ZinesPG delivery
Pittsburgh Post-Gazette Home Page
PG News: Nation and World, Region and State, Neighborhoods, Business, Sports, Health and Science, Magazine, Forum
Sports: Headlines, Steelers, Pirates, Penguins, Collegiate, Scholastic
Lifestyle: Columnists, Food, Homes, Restaurants, Gardening, Travel, SEEN, Consumer, Pets
Arts and Entertainment: Movies, TV, Music, Books, Crossword, Lottery
Photo Journal: Post-Gazette photos
AP Wire: News and sports from the Associated Press
Business: Business: Business and Technology News, Personal Business, Consumer, Interact, Stock Quotes, PG Benchmarks, PG on Wheels
Classifieds: Jobs, Real Estate, Automotive, Celebrations and other Post-Gazette Classifieds
Web Extras: Marketplace, Bridal, Headlines by Email, Postcards
Weather: AccuWeather Forecast, Conditions, National Weather, Almanac
Health & Science: Health, Science and Environment
Search: Search post-gazette.com by keyword or date
PG Store: Pittsburgh Post-Gazette merchandise
PG Delivery: Home Delivery, Back Copies, Mail Subscriptions
Food Bytes PG Cookbook The Food Chain
Kitchen Mailbox Countdown to Dinner Dining
Kitchen Mailbox: Cinnamon key to aromatic Greek casserole

Thursday, October 12, 2000

By Arlene Burnett, Post-Gazette Staff Writer

You're going to love today's recipe -- pastitsio. It's a Greek casserole dish with layers of pasta, ground beef (sometimes lamb), grated cheese, tomatoes or tomato sauce and cinnamon. Marcie Karvellis McGuire of Highland Park sent Kitchen Mailbox this outstanding dish. The aroma alone made us anxious for the first bite of this hearty casserole. It's a beautiful dish with a golden crust and a creamy filling rich with hints of wine and cinnamon.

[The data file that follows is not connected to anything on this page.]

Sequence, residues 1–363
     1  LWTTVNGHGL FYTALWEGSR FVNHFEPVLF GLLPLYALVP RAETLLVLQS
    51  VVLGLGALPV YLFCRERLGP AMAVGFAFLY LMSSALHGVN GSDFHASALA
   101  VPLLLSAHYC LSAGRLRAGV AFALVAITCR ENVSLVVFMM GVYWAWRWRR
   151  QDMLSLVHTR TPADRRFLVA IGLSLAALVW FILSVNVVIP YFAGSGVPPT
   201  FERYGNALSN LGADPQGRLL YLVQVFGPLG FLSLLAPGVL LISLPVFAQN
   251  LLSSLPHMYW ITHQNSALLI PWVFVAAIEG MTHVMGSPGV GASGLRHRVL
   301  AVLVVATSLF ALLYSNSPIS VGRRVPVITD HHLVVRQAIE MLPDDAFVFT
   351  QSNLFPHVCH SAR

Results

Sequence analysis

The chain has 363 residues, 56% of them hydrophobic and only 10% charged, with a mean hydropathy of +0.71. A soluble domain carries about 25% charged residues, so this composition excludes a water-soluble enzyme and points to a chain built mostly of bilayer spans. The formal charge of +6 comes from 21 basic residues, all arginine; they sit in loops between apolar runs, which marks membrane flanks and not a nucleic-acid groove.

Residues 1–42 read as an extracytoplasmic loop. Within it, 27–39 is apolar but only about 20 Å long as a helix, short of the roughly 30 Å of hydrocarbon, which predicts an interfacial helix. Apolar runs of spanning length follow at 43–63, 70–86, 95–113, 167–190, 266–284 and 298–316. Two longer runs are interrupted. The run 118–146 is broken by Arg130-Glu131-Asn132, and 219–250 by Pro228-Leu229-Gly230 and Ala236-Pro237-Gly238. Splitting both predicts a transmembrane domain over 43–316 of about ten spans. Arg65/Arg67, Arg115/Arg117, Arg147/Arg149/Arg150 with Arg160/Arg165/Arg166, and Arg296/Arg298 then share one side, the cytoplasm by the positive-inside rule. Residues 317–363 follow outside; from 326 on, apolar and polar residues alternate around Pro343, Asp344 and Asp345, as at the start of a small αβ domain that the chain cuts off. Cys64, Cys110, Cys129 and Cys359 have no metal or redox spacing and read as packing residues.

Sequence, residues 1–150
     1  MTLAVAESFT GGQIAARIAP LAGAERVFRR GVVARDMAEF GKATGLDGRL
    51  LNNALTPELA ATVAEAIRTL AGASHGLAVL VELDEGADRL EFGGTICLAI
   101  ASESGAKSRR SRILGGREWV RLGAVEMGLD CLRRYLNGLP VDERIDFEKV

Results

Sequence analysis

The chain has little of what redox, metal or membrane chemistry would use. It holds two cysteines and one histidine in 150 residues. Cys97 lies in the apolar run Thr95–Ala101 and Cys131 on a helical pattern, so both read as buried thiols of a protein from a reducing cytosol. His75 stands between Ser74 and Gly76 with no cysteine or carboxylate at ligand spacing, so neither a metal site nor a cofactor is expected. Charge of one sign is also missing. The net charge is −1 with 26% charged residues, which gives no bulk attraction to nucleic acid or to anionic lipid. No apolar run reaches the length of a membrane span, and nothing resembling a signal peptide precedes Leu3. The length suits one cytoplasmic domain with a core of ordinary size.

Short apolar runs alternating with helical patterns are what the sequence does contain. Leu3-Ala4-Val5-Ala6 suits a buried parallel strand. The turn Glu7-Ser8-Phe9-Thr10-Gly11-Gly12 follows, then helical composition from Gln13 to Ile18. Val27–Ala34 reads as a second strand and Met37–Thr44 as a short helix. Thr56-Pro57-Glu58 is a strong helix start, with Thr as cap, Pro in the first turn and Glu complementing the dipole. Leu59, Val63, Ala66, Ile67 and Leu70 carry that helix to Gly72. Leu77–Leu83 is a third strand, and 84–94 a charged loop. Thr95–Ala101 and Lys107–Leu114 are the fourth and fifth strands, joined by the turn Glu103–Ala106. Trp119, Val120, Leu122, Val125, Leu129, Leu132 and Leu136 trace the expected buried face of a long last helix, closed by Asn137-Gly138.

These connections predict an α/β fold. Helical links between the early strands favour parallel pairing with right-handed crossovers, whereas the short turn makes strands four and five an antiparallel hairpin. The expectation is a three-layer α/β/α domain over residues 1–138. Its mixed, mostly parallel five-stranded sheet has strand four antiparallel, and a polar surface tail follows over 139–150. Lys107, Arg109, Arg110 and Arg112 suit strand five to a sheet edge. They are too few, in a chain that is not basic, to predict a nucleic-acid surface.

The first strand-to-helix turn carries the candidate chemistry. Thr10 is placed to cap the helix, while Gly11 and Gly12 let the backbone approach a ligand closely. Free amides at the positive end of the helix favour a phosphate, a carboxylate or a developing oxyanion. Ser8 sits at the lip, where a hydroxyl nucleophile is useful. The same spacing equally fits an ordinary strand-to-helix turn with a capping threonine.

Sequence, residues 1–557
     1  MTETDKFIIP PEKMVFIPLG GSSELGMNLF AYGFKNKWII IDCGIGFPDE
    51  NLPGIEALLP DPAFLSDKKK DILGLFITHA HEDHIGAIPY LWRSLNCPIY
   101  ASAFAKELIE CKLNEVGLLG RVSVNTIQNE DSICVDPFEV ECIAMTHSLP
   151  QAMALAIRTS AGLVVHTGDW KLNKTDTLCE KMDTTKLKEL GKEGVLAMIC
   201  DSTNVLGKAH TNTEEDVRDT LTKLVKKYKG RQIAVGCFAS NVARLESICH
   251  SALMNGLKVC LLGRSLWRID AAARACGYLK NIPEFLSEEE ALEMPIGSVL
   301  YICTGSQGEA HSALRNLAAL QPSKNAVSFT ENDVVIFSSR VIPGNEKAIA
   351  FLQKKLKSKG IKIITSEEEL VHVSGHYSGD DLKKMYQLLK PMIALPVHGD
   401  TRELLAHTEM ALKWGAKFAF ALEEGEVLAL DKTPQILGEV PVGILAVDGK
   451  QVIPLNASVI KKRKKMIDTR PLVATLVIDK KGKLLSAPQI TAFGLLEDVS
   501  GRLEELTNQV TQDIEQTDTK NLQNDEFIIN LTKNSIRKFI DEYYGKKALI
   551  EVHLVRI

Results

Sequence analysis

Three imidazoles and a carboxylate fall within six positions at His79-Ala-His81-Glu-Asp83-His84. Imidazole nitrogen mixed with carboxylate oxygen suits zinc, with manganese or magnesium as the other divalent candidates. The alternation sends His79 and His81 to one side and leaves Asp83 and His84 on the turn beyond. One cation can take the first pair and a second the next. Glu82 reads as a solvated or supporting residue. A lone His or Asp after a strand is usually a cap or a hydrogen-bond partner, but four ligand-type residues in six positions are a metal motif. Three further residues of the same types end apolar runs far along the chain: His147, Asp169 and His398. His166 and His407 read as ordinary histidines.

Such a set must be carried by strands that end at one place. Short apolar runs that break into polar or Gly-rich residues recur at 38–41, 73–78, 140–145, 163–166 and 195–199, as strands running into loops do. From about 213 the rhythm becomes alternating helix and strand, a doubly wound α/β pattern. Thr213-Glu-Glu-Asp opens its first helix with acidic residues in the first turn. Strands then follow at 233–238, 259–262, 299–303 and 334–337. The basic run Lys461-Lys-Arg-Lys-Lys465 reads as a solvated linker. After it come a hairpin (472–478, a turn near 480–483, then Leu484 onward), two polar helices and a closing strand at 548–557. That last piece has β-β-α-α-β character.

McGuire's recipe is also featured in the "Heart of Pittsburgh" cookbook produced by Sacred Heart Elementary School. It was also selected as a feature in the February issue of Better Homes and Gardens Hometown Cooking magazine.

About cinnamon:

The Romans used cinnamon as a love potion and a perfume.

Cinnamon is from the inner bark of a tropical evergreen tree. The bark is harvested during the rainy season because it's more pliable. When the bark dries, it curls into long quill-like sticks, which are then sold as cinnamon sticks or ground into powder.

There are two types of cinnamon: Ceylon cinnamon (light brown in color with mildly sweet flavor) and cassia cinnamon (dark, reddish brown, pungent with a bittersweet flavor). Cassia cinnamon (labeled simply as cinnamon) is what we use for cooking and baking.

Here's Marcie Karvellis McGuire's recipe, which was sent in for Michael Gross of Mt. Lebanon.


Meat sauce:
3 tablespoons butter
2 large onions, finely chopped
2 pounds lean ground meat
2 8-ounce cans tomato sauce
1 teaspoon salt
1/2 cup red wine
1 cinnamon stick

6 cups water
1 teaspoon salt
1 pound penne pasta
8 tablespoons melted butter
1 1/2 cups milk
4 eggs, beaten

Cream sauce:
4 tablespoons butter
1/4 cup flour
3 cups milk
1/2 teaspoon salt
1/8 teaspoon pepper
6 eggs
1/2 pound grated Kefalotiri* or Romano cheese, divided

For the meat sauce, melt butter in a 10- to 12-inch skillet. Saute onion until lightly browned. Add meat and cook until brown, crumbling with a fork. Add remaining meat sauce ingredients to skillet; mix well. Cover and simmer for 30 minutes, stirring occasionally. Remove cinnamon stick; let mixture cool.